Many of the surviving Islamic terrorist fighters and leaders fled into exile. Some continued their Islamic terrorism, others switched to non-violent Islamic politics. The most prominent example of this is the Moslem Brotherhood, and while the Moslem Brotherhood has been successful at getting elected, they soon lose power when their radical fringe starts demanding a religious dictatorship. Islamic party leaders insist they can prevent that from happening, most Algerians don’t believe it and don’t believe Islamic party politicians will be any better at dealing with corruption and bad government than the secular Moslem politicians. Covid19 restrictions have also eliminated any active Islamic terrorist activity, although such activity has been declining for over a decade.
The current government has devoted a lot of effort to identifying all the participants in these online Hirak activities and sought to arrest those still in Algeria. France won’t even consider arresting and extraditing the Hirak posters living in France. Free speech and all that. The irony is not lost on the Algeria-based Hirak members. In Algeria it is still popular to criticize France for its colonial era crimes. Yet France remains a model for what Algeria would like to be. The newly elected government is going after corrupt officials and businessmen but has not yet proved that the new officials are any more effective and less corrupt than the old bunch. Arresting Hirak online critics and journalists who appear to support those critics does not inspire confidence among most voters.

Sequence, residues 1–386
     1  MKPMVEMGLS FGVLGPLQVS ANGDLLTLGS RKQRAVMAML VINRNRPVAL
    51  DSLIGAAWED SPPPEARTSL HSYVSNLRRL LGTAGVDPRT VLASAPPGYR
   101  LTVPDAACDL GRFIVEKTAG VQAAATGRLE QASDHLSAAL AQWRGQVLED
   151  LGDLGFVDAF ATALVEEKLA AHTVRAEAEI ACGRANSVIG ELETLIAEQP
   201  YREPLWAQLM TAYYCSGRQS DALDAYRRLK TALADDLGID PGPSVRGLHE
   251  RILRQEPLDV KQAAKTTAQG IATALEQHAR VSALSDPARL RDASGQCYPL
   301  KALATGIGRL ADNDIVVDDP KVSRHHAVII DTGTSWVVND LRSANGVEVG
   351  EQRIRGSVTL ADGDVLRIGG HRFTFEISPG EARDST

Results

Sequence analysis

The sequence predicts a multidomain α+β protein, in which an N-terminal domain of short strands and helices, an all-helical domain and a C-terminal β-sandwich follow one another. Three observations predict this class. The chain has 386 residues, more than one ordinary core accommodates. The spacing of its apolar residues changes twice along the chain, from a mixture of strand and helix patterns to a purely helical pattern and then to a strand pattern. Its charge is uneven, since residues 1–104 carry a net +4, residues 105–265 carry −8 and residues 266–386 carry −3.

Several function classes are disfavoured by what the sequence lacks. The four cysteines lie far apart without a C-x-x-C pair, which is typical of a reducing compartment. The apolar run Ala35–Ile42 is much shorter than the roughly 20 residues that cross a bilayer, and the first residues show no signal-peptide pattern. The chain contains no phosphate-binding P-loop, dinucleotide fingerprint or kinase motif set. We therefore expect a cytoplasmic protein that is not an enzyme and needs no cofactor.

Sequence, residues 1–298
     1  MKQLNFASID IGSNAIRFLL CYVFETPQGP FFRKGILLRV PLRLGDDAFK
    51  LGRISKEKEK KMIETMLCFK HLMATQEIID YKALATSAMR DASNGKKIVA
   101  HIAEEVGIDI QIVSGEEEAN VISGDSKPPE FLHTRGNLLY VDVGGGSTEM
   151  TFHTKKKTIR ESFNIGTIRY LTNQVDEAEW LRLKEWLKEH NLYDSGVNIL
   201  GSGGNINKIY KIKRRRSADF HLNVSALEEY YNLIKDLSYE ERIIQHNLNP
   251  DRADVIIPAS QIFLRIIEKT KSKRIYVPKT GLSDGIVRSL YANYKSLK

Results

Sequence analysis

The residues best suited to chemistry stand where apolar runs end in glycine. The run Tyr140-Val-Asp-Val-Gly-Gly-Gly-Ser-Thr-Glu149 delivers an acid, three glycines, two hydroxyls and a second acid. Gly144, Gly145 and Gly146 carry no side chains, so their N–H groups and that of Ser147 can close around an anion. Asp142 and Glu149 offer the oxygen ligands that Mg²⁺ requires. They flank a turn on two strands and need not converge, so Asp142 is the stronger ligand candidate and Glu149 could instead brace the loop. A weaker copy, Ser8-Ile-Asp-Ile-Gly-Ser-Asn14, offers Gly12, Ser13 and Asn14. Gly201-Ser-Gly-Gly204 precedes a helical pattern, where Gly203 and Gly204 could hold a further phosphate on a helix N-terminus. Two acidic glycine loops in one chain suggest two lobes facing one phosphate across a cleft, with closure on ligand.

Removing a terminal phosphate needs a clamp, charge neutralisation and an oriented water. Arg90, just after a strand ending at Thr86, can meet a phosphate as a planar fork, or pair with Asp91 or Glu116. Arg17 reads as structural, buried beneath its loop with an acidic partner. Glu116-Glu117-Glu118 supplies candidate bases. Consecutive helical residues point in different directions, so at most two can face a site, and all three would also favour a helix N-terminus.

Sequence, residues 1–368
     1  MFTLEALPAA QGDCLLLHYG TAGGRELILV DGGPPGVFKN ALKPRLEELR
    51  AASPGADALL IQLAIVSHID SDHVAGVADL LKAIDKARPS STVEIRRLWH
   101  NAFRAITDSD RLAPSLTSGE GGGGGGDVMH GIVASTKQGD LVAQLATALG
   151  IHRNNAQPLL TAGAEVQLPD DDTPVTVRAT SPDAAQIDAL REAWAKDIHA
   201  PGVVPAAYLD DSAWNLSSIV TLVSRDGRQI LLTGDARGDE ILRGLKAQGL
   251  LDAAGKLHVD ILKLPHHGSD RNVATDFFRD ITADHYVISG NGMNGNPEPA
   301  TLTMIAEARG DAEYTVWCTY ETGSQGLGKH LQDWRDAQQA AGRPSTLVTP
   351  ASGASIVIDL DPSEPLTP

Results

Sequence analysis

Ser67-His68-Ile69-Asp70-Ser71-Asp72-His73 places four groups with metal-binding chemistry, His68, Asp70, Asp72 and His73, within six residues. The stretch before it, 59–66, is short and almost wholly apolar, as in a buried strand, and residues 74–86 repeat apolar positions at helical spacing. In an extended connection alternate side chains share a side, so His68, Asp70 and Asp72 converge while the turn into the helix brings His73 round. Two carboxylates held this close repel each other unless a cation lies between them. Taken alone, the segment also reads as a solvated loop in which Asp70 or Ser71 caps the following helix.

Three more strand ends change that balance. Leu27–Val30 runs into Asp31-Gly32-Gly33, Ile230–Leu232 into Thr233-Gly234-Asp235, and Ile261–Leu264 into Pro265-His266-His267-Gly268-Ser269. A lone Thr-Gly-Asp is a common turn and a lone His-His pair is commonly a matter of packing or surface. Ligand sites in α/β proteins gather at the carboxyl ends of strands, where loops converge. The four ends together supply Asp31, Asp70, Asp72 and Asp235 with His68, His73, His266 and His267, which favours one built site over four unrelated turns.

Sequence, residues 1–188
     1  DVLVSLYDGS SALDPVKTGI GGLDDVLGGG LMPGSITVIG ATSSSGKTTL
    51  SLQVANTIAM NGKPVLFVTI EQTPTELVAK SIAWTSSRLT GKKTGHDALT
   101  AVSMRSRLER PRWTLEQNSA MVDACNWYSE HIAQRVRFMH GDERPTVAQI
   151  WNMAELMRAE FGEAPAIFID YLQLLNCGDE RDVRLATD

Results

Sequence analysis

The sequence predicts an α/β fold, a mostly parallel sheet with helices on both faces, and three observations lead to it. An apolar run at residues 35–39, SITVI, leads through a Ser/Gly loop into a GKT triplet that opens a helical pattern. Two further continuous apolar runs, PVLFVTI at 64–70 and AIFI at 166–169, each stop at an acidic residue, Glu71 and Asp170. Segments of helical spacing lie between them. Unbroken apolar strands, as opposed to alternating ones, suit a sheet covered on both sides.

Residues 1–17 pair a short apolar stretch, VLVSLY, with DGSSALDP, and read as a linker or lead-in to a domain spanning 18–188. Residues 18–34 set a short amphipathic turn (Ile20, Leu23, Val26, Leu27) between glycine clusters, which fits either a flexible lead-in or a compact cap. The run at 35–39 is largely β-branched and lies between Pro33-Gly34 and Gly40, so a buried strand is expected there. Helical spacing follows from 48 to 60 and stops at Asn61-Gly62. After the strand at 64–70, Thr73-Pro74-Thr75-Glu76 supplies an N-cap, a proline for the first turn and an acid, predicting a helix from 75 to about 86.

In 2013 Turkey made a major diplomatic and economic effort to improve relations with Algeria. That succeeded and now Turkey has a lot of investments in Algeria and is a major trading partner. That means about three billion dollars’ worth of trade a year. Turkey and Algeria are both “Islamic democracies” with elections and a tendency to favor other authoritarian states, like Russia and China. For that reason, Algeria has not criticized the Turkish military intervention in the Libyan civil war. Algeria opposes Egyptian and Gulf Arab efforts to support the secular (House of Representatives/Libyan National Army) faction in Libya. and would rather see the less popular GNA faction prevail.
Algeria has no interest in sending troops to Libya as peacekeepers or to eject the “Turkish invaders.” Like all the other North African countries, except Egypt, Algeria wants a peaceful settlement to the fighting in Libya. With the recent (since late 2019) Turkish intervention peace in Libya may be later rather than sooner.